Eugene Schieffelin

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Eugene Schieffelin (29 January 1827, New York, N.Y.[1] — 15 August 1906, Newport, Rhode Island[2]) belonged to the New York Genealogical and Biographical Society and the New York Zoological Society. He was responsible for introducing the European starling (Sturnus vulgaris) to North America.[3]

Starlings are released[edit]

In 1890, he released 60 starlings into New York City’s Central Park. He did the same with another 40 birds in 1891. Schieffelin wanted to introduce all the birds mentioned in the plays of William Shakespeare to North America.[3] He may have also been trying to spread the same pests that had been annoying him thirty years earlier so his place wouldn't be the only one that was bothered, when he sponsored the introduction of the house sparrow to North America.[4]

European starlings were not native to North America. Schieffelin imported the starlings from England. Scientists estimate that descendants from those two original released flocks now number at more than 200 million residing in the United States.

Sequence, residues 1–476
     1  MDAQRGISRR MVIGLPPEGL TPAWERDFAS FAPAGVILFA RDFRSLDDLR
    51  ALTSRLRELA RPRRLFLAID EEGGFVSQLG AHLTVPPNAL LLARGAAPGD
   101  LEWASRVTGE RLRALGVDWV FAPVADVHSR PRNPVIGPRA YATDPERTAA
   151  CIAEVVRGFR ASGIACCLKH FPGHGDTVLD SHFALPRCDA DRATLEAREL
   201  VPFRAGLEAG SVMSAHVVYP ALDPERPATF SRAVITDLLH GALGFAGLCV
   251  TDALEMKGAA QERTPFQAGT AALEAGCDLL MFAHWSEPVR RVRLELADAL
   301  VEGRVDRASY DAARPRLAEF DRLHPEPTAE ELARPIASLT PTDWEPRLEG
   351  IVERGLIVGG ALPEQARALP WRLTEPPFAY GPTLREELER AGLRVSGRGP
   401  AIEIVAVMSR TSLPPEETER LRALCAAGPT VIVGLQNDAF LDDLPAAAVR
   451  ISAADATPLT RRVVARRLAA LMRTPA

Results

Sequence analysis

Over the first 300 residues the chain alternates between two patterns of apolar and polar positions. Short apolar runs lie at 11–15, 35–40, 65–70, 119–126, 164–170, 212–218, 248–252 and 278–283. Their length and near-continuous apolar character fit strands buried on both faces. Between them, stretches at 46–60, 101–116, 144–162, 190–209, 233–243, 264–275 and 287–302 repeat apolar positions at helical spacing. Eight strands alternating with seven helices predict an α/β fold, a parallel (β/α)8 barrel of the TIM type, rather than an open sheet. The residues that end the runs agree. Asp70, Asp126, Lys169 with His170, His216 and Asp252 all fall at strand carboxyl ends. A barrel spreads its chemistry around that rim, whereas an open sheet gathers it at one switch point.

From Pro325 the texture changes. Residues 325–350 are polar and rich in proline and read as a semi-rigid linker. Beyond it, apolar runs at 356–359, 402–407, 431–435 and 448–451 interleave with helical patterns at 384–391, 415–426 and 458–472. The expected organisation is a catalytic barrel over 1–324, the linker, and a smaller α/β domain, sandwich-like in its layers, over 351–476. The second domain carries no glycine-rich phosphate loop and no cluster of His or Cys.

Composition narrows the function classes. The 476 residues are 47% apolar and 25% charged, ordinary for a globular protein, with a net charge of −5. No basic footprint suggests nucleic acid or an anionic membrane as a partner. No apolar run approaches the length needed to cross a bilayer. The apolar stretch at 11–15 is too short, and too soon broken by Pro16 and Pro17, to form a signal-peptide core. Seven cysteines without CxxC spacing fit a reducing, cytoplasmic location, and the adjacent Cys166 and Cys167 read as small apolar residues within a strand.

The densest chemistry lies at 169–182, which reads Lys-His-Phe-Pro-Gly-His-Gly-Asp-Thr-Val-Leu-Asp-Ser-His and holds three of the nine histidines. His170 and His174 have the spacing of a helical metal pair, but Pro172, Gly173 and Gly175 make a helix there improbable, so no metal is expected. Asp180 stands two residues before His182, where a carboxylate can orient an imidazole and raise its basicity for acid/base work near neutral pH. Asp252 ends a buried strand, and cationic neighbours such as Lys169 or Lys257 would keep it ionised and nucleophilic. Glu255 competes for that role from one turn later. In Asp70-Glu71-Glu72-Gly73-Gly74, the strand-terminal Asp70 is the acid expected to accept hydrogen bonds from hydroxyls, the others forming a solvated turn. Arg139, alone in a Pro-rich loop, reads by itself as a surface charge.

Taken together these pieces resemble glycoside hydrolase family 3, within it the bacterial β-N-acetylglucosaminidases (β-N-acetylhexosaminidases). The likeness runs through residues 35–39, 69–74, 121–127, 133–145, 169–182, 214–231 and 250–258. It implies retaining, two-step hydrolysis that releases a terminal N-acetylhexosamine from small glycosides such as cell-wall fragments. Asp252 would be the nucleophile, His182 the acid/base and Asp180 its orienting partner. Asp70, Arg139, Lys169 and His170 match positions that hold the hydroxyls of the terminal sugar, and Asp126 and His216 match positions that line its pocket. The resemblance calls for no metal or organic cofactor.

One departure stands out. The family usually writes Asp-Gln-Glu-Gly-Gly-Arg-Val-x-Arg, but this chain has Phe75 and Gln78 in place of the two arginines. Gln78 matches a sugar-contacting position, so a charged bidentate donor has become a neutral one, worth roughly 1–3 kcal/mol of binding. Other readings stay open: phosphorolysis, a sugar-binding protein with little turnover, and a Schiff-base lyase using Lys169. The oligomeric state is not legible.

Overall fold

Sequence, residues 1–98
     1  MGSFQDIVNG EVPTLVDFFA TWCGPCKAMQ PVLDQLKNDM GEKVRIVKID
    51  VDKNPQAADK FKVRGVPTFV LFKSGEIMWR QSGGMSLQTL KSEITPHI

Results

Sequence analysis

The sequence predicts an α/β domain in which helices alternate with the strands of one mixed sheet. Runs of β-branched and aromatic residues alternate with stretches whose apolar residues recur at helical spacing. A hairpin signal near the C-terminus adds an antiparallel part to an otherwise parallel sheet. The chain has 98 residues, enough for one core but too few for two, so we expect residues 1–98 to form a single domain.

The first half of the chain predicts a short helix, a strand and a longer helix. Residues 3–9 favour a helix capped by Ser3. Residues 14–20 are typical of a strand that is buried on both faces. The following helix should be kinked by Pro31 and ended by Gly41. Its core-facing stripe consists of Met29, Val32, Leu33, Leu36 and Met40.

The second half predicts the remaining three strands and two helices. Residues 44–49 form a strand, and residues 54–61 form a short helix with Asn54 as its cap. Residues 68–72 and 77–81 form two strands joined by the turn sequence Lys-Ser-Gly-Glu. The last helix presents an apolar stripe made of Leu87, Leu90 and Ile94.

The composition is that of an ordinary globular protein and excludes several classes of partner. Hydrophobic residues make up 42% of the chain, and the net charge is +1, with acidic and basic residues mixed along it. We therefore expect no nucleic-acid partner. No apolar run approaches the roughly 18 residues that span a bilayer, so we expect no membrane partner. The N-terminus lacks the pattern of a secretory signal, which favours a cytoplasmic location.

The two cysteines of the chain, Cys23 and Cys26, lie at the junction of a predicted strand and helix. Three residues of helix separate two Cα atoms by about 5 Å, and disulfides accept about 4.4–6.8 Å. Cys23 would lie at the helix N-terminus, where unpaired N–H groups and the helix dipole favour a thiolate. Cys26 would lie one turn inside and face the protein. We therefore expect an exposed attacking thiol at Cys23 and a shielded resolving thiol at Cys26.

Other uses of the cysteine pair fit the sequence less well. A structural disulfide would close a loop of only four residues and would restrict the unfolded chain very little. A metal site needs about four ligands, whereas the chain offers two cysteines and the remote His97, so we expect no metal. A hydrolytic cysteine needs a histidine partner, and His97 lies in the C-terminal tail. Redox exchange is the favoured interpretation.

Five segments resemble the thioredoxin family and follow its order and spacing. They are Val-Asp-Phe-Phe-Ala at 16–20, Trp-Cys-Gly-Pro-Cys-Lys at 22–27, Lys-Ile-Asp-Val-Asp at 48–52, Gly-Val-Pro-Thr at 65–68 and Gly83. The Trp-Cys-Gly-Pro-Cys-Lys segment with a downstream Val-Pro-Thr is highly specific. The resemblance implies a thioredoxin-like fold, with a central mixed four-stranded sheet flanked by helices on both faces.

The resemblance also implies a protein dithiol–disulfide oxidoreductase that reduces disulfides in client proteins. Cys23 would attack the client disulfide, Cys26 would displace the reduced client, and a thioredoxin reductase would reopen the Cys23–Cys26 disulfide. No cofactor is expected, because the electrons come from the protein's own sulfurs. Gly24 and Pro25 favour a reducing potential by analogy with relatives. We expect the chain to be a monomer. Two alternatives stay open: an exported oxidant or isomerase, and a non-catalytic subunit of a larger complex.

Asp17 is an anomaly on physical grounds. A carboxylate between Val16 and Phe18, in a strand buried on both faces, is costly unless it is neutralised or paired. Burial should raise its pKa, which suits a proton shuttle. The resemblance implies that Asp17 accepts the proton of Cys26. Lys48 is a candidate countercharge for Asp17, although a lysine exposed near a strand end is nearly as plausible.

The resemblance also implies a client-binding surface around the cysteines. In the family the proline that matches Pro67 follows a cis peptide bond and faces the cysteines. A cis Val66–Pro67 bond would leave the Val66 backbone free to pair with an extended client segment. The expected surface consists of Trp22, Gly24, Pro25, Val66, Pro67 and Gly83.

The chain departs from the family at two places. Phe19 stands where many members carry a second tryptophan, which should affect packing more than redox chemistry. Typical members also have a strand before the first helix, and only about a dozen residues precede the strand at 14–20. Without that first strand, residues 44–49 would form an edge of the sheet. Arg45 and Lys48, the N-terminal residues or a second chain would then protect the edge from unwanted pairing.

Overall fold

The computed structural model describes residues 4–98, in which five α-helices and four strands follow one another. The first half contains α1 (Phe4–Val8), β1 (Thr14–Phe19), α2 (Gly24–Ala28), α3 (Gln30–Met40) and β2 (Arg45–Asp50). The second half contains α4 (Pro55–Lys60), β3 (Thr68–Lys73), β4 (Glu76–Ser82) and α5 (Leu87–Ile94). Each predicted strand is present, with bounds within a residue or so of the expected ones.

The starlings' wildly successful spread has come at the expense of many native birds that compete with the starling for nest holes in trees.[5] The starlings have also had negative impact on the US economy and ecosystem [6]

His attempts to introduce bullfinches, chaffinches, nightingales, and skylarks were not successful.

Reasons for release[edit]

Schieffelin belonged to the American Acclimatization Society,[7] a group that aimed to help exchange plants and animals from one part of the world to another. In the 19th century, such acclimatization societies were fashionable and supported by the scientific knowledge and beliefs of that era, as the effect that non-native species could have on the local ecosystem was not yet known.

European starlings are now considered an invasive species in the United States.[8]


  1. ^ Complete American Armoury and Blue Book, 1907 ed., p. 175.
  2. ^ "Eugene Schieffelin Dead," The New York Times, Aug. 16, 1906, p. 7.
  3. ^ a b Gup, Ted."100 Years of the Starling". The New York Times. Retrieved 2 July 2011.
  4. ^ Edward Tenner, Why Things Bite Back, pp. 152-155, (New York: Vintage Books, 1997).
  5. ^ "European Starling" Cornell Lab of Ornithology. Retrieved 2 July 2011
  6. ^
  7. ^ "AMERICAN ACCLIMATIZATION SOCIETY." The New York Times, Nov. 15, 1877, p. 2.
  8. ^ "Invasive Species: Animals" National Invasive Species Information Center. Retrieved 2 July 2011

External links[edit]